Wednesday, August 24, 2011

Is It Nap Time Yet?--a Trailer Park Homestead update

I am tired.  So much so, I'm starting to look forward to winter, so I can take a bit of a break for a while!  This time of year is insane!  Right now, I still have to maintain the garden that's been there (weeding and watering and such), keep up with fresh plantings of greens, harvest whatever I can, put up whatever I can for the winter, gear up for another year of homeschooling, get the kids registered for their extra curricular activities, plus the regular stuff of dishes, laundry, keeping the house tidy, taking care of the kids, cooking dinner, etc.

The house is not particularly tidy. 

Right now, especially after the anxiety issues I mentioned last week, I need to be focused mainly on getting food for the winter.  With that in mind, in the past week, I've froze a couple baggies each of snap beans and corn, canned a few jars of tomato sauce, a few black bean and corn salsa, and 7 quarts of peaches.  Today, I have a couple good sized boxes of tomatoes from the farmers market to do something with (mostly canning, maybe can some more sauce too), a few more quarts of peaches to do something with, some blueberries I want to make into jam at the kids' request, and some zucchini I want to turn into triple chocolate zucchini muffins for freezing, since I think the finished muffins would freeze better than just shredded zucchini and that's what they'd turn into anyway. 

It is going to be another looooooooooooooooooooooooooooooooong day.

In the meantime, my garden also looks like crap from all the pests and disease that have been taking over, since I don't know what the heck I'm doing here, but giving it my best effort anyway:

Obviously, the watermelon looks happy, since it is taking over half the front yard, but it doesn't seem to be producing very much, so I don't know what the deal is.  More importantly, I don't know what the deal is with these tomato plants, but they are starting to look half dead!  I originally thought it was the heat reflecting off the patio that was making them look sad, so I moved them to the front of the house, but now they look even sadder!  I don't know if it is a watering issue (even though they get watered as much as my other tomatoes in buckets) or the cold nights we've been having at times or what.
While not technically a pest related picture (although the trailer park manager has had her moments, hasn't she?), I just think it is funny how perfectly some of these calendula flowers coordinate with the bright orange buckets that are officially not being used as pots but really are.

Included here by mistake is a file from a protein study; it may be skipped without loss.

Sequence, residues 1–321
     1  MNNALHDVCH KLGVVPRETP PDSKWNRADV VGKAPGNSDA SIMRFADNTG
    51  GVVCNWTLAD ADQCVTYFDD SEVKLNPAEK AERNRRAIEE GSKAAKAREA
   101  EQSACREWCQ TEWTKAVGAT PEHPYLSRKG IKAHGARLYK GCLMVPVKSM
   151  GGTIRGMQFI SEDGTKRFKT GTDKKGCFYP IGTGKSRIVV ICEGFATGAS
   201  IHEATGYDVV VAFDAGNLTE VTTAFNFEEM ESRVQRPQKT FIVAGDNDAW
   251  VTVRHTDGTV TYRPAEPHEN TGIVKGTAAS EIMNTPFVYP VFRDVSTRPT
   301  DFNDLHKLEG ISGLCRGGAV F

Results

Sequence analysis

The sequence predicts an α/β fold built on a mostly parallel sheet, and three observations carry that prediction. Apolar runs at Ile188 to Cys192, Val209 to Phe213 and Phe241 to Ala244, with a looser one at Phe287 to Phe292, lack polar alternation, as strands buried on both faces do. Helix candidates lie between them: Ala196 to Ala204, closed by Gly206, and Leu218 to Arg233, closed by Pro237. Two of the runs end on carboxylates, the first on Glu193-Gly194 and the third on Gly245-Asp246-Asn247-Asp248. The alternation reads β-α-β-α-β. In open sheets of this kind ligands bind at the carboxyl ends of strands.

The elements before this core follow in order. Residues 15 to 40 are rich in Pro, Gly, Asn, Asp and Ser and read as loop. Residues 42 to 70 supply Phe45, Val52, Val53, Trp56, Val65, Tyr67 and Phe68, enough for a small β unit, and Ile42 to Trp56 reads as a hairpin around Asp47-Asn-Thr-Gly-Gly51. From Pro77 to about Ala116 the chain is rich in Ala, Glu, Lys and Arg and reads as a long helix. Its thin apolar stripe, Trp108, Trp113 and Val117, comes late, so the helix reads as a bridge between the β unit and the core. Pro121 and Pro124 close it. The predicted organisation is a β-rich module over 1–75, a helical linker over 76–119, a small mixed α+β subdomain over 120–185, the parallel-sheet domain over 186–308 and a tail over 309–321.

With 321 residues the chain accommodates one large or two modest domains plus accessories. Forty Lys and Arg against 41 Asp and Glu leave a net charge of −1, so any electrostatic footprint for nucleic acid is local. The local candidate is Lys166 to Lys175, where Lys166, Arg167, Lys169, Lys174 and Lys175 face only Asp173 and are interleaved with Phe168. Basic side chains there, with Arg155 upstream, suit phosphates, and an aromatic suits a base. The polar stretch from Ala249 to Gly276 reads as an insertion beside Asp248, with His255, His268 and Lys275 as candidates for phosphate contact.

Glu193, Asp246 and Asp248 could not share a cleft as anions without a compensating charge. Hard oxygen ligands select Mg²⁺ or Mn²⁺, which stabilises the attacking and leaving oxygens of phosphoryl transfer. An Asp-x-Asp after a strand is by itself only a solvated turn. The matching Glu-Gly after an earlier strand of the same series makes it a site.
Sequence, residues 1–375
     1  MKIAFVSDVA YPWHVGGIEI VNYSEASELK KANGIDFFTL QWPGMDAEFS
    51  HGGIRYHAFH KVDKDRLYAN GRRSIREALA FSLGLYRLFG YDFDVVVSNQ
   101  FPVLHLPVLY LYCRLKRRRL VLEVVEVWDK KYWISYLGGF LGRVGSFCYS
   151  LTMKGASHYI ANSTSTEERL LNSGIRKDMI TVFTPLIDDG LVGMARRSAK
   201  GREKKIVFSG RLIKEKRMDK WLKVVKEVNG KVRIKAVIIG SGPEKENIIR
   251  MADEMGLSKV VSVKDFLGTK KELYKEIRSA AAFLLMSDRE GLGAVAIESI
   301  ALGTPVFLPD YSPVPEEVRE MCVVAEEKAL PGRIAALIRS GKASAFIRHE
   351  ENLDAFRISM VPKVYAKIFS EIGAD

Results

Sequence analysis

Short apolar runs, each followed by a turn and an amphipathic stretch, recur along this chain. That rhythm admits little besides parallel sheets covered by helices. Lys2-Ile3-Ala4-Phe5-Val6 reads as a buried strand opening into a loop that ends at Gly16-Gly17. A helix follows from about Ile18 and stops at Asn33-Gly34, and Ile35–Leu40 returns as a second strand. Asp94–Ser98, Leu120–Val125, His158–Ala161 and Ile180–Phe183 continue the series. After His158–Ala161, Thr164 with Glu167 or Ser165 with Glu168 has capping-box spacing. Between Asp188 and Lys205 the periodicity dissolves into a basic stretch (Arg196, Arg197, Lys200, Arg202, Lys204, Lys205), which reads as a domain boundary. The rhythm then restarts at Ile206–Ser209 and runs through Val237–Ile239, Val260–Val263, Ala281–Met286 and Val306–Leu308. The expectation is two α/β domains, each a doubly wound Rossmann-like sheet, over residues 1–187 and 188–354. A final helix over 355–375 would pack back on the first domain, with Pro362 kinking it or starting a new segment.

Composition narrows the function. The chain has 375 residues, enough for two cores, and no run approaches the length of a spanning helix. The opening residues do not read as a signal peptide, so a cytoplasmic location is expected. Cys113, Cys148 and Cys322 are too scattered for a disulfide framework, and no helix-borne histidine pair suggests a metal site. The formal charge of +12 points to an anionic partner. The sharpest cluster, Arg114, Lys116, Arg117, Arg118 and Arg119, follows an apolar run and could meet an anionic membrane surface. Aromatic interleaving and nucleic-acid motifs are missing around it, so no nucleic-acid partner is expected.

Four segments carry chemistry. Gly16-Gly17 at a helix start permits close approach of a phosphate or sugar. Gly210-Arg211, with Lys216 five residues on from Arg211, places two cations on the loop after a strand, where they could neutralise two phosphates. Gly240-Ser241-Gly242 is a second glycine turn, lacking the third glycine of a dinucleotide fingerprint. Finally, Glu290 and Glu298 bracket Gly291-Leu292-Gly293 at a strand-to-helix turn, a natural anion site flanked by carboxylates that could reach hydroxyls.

I think I'm losing the battle of the squash vine borer, since this pumpkin plant looks worse daily.  Such a shame too, since that dangling pumpkin is so cool, and I was looking forward to it being joined by more.  I haven't given up the fight yet though!
The large holes in the bean leaves are brought to me courtesy of the Japanese beetles, who seem to like the beans themselves as well.  Fortunately, the children think it is great fun to pluck mostly chewed up leaves full of the dang things while they are sleeping and crushing the heck out of them.  If it wasn't so late in the season, I'd probably start thinking of someplace to hide some of those Japanese beetle hanging bag traps, but I don't have time these days to go looking for a good spot.  The beans plants are kind of being a pest to the corn as well, since they seem to be mobbing just a few stalks rather than spreading out more evenly.  Oops, my bad, I guess!  The corn stalks that have a bunch of bean stalks on them are falling over!


  1. We lost a ton of yellow squash from those damn vine borers. I dont remember them being as bad last year. A friend in Ga. lost all his as well. Not a spectacular season for gardening this year. Hopefully the fall gardens will do better for people.

  2. I do not suggest using the beetle bait traps. While they do, indeed, lure in and trap beetles, they also bring in beetles that otherwise would have left your land alone. It's pheremones, so every beetle in the vicinity makes a bee line for your garden. It works better on very large plots where you're going to have massive populations anyhow. I suggest planting bait plants - pick something they like a lot, and plant it wayyyyy over on the corner of your garden, then let them eat THAT plant. I know a lot of people who've had success with that.

    We make a lot of canned diced tomatoes and stewed tomatoes when we have them. It looks like we might be closing on the house on the 29th, so if we do I'll be hitting the farmer's market to get a bushel or two of tomatoes for canning. I just can't go a whole year without ANY canning, and tomatoes are easiest, and the most used in our house. When I do stewed tomatoes, I put a single bay leaf in each jar then pour in the tomatoes. When they come out later in the year, the flavor has steeped through the whole jar and it's just... muy deliciouso! lol